The Oxford Community Climate Action Task Force invited the community to join a public workshop, Thursday, June 20, to discuss reducing emissions in Oxford.
Approximately 30 people filled a meeting room at the Presbyterian Seminary, at 104 E. Church St., listening attentively to speakers: Sam Perry, Oxford’s community development director, Mike Dreisbach, the city’s service director and council member David Prytherch.
“Well built cities will be the key to solving the climate change problem,” Prytherch said. “Cities need to develop a plan of action and Oxford already has one.”
The participants were divided into four groups organized by sector: buildings and energy; transportation; waste management; and land management.
Each group was tasked with coming up with opportunities and strategies for improvement to recommend to city council. By the end of the meeting, strategies being discussed included:
The task force will continue to meet and refine its ideas with a goal of having some recommendations ready for city council in August, Prytherch said.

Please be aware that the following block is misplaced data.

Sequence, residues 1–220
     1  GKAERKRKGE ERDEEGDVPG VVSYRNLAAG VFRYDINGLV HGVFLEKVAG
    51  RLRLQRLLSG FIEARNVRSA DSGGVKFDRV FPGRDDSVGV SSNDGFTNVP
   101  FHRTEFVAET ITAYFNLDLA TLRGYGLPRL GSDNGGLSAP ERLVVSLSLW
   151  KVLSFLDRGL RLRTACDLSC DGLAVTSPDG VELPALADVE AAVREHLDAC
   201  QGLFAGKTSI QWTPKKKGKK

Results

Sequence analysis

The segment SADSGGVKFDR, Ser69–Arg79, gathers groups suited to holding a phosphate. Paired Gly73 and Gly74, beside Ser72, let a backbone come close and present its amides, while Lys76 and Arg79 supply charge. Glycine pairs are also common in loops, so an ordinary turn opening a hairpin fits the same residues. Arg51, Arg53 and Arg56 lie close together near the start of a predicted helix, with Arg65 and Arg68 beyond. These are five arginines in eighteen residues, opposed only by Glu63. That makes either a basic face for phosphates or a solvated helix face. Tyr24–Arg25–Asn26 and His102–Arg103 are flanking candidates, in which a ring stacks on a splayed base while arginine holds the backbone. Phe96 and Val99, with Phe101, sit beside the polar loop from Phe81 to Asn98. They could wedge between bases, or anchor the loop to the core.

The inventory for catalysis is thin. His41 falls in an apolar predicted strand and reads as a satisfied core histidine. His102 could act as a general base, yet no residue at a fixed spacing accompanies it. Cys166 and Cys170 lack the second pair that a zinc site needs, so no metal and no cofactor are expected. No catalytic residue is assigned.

“Part of the challenge with climate action is data gathering. Just because a scooter is ridden you don’t know if it substitutes for a car necessarily,” Prytherch said. “We’re going to have to find ways of estimating. We know how many scooter trips were taken; we don’t know how many car trips were not taken.”
Although there are improvements to be made, Oxford has taken steps to reduce emissions, such as encouraging the use of electric scooters and bicycles, limiting the idling of city trucks and announced plans to install charging stations for electric vehicles in some parts of town.
“Our budget goals align with our environmental goals,” Dreisbach said.
It is also possible for Oxford residents to use wind and solar energy to power their homes.
“Solar panels are becoming more and more popular in Oxford,” Perry said. “You can do wind power, we have provisions on that, not a lot of people know about that, but it is allowed.”
Skeptics may say that a small college town like Oxford won’t make a difference. But Prytherch is optimistic.
“If you want to make change, you work at the scale where you can actually make a difference, but if you think about it, all emissions come from somewhere. So, if every city perused neutrality that would take care of the majority of emissions in the United States because most people are urban dwellers. So, the cities have a really important role and every little bit adds up.”